Our book review this month looks at The Food Revolution, written by John Robbins. It has a great tag-line: “how your diet can help save your life and the world”. So, although it was first published in 2001, (and has been updated a number of times), it is still a great read if you are interested in what you eat and the impact of what you eat on the wider world.
John Robbins was born into the well-known ice-cream family, Baskin-Robbins. He explains in the introduction how he made a decision to look for a different route, leaving the company and setting out to create his own life, lively simply and growing his own food.
Through the book Robbins contrasts the messages that are given to the public by the meat and dairy industry to the research published by scientists.
John Robbins has written many books over the years, including the book that started many people thinking – Diet for a New America. He co-founded the website: Food Revolution Network (external link), which contains lots of really interesting and useful information about healthy, ethical, sustainable food.
Core messages from The Food Revolution
To me, this book asks you to ask yourself a question – does what I eat really matter, does it matter to me personally, for my own health? And does it matter to the world? John´s answer to both of these questions is a resolute yes.
After the introduction, the book is in four parts. In part 1 Food and Healing, the chapters focus on healthy heart, preventing cancer, policing the pathogens and more. One of the chapters looks into calcium and the promotion from various bodies over the years that we all need calcium from cows milk to maintain healthy bones and teeth, to grow, prevent osteoporosis and more. He contrasts nutritional information on cows milk compared to soy based milk and it makes fascinating reading.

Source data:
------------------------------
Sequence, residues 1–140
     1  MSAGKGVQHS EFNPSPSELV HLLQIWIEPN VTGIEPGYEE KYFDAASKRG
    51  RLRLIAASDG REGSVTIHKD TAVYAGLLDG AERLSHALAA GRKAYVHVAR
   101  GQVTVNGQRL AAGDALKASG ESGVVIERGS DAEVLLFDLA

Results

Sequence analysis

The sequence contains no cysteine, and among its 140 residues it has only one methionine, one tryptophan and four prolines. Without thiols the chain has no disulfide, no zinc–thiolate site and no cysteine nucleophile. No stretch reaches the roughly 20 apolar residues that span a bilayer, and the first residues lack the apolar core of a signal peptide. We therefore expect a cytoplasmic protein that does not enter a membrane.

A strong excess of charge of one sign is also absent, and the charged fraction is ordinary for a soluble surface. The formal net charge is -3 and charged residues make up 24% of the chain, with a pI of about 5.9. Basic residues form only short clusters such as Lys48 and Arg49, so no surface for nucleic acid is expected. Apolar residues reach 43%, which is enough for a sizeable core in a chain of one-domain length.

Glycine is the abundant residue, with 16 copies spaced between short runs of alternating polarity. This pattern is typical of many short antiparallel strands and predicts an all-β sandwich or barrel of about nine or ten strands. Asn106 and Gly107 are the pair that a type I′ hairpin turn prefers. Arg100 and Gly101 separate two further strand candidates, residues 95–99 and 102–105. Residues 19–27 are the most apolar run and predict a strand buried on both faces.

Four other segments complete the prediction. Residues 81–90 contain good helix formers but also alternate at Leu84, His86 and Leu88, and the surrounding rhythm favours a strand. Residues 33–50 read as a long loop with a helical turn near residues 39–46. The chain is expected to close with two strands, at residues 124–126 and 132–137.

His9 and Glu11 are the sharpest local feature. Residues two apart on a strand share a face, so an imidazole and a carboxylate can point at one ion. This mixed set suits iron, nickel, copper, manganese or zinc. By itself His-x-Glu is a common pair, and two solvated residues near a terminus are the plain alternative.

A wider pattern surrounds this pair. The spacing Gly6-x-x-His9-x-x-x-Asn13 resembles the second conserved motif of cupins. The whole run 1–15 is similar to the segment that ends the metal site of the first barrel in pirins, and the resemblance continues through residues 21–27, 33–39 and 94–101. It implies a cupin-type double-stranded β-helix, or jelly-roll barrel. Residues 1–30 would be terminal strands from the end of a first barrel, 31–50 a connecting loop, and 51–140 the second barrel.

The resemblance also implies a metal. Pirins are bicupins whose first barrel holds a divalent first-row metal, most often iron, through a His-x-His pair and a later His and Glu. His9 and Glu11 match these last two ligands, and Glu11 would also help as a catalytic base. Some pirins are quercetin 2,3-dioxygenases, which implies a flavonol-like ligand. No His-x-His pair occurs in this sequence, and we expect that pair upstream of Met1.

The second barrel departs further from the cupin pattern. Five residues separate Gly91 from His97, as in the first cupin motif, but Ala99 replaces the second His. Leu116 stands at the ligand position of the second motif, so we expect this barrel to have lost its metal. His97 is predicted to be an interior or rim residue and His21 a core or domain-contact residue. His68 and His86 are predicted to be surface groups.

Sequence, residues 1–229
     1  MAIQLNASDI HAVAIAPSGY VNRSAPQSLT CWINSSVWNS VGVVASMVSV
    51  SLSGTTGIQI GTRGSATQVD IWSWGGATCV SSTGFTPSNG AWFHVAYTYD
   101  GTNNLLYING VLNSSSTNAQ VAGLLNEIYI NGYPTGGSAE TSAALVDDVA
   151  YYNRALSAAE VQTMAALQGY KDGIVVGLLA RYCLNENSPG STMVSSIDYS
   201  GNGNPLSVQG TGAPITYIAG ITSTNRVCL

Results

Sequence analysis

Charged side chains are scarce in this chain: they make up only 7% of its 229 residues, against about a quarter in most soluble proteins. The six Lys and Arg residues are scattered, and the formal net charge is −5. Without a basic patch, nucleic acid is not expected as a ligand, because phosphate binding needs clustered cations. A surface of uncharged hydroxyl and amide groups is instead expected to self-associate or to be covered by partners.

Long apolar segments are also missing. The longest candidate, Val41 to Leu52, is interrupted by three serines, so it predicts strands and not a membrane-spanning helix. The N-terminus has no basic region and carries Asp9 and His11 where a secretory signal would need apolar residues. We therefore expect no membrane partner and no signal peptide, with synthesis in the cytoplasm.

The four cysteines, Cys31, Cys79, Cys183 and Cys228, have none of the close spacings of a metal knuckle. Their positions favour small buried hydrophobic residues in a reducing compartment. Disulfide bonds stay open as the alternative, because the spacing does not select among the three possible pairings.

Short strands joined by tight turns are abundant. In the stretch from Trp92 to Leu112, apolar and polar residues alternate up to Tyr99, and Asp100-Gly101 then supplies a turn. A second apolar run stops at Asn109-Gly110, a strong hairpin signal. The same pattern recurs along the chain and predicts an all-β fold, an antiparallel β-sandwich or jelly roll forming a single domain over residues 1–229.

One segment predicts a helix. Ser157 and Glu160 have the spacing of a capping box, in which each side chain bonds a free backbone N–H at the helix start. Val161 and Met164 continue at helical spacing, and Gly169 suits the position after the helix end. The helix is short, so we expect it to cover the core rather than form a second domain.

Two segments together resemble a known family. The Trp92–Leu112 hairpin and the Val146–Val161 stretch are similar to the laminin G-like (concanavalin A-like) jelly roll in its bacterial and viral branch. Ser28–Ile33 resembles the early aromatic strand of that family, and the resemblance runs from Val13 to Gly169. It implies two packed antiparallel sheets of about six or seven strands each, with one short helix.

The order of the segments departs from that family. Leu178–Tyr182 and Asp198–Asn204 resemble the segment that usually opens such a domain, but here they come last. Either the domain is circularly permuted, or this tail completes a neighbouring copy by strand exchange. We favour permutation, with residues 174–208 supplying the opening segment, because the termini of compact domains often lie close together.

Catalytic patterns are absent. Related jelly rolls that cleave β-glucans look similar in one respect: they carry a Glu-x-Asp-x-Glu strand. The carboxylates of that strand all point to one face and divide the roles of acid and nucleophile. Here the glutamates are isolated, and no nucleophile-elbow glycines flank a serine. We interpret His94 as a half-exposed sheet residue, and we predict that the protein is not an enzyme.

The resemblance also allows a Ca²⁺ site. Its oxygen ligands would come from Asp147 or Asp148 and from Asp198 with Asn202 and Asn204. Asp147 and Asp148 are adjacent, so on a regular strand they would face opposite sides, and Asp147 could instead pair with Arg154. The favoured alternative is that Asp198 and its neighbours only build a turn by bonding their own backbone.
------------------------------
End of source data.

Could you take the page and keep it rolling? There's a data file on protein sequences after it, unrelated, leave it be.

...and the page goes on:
In part 2, called Our Food, Our Fellow Creatures, Robbins takes a look how we treat animals. The first chapter describes a meeting he had with a pig farmer. In the chapter on farming he looks at how animals are raised and treated, referring to farms as “factories”. The final chapter is called Eating with a conscience. In this section he discusses how raising our awareness of how the meat (and dairy) on our plates is produced can help you to question whether this is compassionate or right, to make your own decision. Robbins also looks at egg production and cautions us to question more closely labels like “free range” and “natural”.
Part 3, is called Our Food, Our World and topics include reversing the spread of hunger and choices for a healthy environment. Topics covered include water and the atmosphere. Robbins also discusses how much of the food production in the world is needed to produce meat and dairy. The final part (4) is called Genetic engineering. Robbins looks not just at the change in genetically modified products, but also the use of chemicals in food production, with it´s impact on wildlife and the environment. Whilst this section is difficult reading, Robbins also looks at the rise of organic farming. The book concludes with the chapter Our Food, Our Future, which pulls together all of the concepts in the book.